Foreplays is a column that explores under-known short films by renowned directors. Lynn Ramsay's Gasman (1998) is free to watch below.
Lynne Ramsay’s Gasman is a film about family, and a film made with family—the director’s own brother and niece play, respectively, the central father and daughter in the story.
Two siblings, Lynne (Lynne Ramsay Jr.) and Steve (Martin Anderson), go to a Christmas party with their father (James Ramsay), while the mother (Denise Flannagan) remains at home. They briefly meet with a woman (Jackie Quinn) and her two kids (Lisa Taylor, Robert McEwan). The woman leaves, but her children join the party.
Gasman is the story both of a perfectly banal evening, and of an exceptional event that serves to fracture the family unit, messing up all its usual roles, and dissolving the very idea of what is familiar. Ramsay achieves this by never losing sight either of the everyday, or of the extraordinary—she finds a strange, moving equilibrium between Lynne’s devastating experience, and a world that follows its course despite it.
The mysterious title, which seems to refer to the father’s profession, could be read as a clever variation on the traditional “milkman jokes” concerning a fear of adultery and unrecognized paternity. Here, too, we find this double scale: the reference to common knowledge inscribed in the popular imagination is turned upside down when connected to the moment in which a child grasps the true origin of this vulgar joke through an ultra-personal realization.
Ramsay both writes and directs Gasman—her second short film, made one year before her stunning debut feature, Ratcatcher (1999). As a director, she makes the drama take flight through a concentration on looks and gestures, a precise orchestration of the distance and proximity between bodies, and a careful treatment of sound, movement, and visual composition.
As a writer, one of her best accomplishments is the plotting of a double narrative where, alongside the physical itineraries of the characters, she interweaves the different stages of Lynne’s acquisition of knowledge (from ignorant happiness to deep disappointment, passing through suspicion, confirmation, and anger). Together, the four scenes comprising the film’s fifteen minutes are stages of a reflective, poignant structure. On its own, each scene is a self-contained unit—a temporal, spatial, and emotional enclave presenting a precise set of relations.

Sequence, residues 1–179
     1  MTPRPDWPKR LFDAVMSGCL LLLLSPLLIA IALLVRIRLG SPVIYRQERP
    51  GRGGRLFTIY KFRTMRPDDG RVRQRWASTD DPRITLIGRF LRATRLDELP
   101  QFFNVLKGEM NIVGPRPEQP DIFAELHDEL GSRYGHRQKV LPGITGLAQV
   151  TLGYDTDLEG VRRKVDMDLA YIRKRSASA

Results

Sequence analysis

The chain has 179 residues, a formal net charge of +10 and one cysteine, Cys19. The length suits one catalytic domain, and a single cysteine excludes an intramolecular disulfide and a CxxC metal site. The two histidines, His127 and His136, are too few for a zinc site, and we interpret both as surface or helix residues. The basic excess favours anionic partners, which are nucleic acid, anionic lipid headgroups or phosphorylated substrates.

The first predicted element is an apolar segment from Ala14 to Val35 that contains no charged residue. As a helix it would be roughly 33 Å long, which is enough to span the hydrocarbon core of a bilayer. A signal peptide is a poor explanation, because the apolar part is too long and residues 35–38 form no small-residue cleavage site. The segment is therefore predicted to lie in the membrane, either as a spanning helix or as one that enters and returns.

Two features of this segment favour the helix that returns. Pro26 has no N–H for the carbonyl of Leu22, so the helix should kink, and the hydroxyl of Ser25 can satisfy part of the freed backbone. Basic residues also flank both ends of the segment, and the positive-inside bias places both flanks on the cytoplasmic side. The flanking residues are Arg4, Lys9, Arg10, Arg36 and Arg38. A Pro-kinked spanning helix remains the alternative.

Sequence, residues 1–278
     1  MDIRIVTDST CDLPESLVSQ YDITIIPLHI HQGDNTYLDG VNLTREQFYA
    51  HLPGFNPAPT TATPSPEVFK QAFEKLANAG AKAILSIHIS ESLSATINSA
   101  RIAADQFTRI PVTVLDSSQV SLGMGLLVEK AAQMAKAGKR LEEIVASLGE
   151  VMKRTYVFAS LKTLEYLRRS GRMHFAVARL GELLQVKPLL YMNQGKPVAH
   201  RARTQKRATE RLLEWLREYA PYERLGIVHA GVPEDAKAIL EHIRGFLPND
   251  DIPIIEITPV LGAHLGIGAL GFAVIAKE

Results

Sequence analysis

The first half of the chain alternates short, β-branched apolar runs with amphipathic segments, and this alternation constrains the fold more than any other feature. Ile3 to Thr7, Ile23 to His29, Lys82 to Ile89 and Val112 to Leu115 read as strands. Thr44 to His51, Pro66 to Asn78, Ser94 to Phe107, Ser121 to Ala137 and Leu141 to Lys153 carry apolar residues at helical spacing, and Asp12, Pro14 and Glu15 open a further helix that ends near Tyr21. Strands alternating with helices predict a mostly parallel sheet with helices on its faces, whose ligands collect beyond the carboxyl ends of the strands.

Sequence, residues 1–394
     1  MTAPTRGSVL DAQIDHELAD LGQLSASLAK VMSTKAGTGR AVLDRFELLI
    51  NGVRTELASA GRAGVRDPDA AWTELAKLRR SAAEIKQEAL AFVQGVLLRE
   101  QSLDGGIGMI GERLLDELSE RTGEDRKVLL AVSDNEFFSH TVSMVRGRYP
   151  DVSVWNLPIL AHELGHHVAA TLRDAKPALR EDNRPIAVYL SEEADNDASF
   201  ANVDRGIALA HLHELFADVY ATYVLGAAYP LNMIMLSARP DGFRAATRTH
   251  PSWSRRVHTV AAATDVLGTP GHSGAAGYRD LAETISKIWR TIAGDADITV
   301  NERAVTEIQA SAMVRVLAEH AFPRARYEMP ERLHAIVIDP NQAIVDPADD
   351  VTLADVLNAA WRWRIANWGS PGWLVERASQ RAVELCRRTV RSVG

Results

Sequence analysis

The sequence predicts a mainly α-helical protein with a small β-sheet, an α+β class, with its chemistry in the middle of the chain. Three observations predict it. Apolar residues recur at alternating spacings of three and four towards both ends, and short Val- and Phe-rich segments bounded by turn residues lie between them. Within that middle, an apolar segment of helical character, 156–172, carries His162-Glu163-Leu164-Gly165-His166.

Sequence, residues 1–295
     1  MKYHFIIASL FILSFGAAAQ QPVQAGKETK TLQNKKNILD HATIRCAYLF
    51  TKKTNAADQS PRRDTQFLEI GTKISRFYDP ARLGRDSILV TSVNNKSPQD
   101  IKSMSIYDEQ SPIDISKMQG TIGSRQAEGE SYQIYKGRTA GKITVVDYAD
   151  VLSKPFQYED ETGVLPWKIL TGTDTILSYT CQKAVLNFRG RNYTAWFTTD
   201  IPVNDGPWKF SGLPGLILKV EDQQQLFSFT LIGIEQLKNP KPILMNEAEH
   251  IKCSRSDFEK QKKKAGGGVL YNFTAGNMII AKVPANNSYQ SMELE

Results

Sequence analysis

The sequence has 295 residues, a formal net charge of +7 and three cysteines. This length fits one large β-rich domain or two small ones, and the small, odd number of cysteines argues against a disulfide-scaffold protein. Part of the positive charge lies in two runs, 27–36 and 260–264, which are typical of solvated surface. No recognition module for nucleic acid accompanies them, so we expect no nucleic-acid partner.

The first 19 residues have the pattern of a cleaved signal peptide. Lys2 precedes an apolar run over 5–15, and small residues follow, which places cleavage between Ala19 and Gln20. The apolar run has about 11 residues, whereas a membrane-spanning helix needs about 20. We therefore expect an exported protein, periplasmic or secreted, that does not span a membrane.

Gasman begins by plunging us into domestic rituals. In We Need to Talk About Kevin (2011)—a film deeply connected to the “body horror” genre—Ramsay privileged rituals related to food. In Gasman as in Ratcatcher—two films about working-class, Scottish households—hygienic and clothing rituals are at the center of her portrayal of domesticity. In the first scene, as the characters get ready to go out, the sense of intimacy is heightened by a warm, rich score of daily, domestic noises: rhythmic shoe-polishing, the muffling of a jacket’s plastic sheath, an iron’s hiss, a rain of sugar, trotting steps, screams and bits of conversation, the “smack” of a kiss, and music from the radio. This expressive use of sound indicates a visual universe defined by fragmentation, but also solicits us to enter the film with a fuller, sensory consciousness. The song we hear (“Let It Snow”) and the colors and textures of walls, fabrics, and furniture, quickly establish the setting: Christmas time, the 1970s, a working-class home.
Almost none of the thirteen shots comprising this first scene offer a conventional camera set-up. This creates a certain mystery around the human presence—the first time we clearly see a face is in the tenth shot, two and a half minutes into the scene. Usually, the camera adopts a low position, cutting off heads, showing us bits of bodies and rooms: a female arm reaching to the jacket hanging from a door; the legs of a girl sitting on a blue floor, putting on thick pistachio panties and patent-leather shoes; the hands of a boy playing with a toy car; the shoulders of a man sipping coffee and smoking next to a window…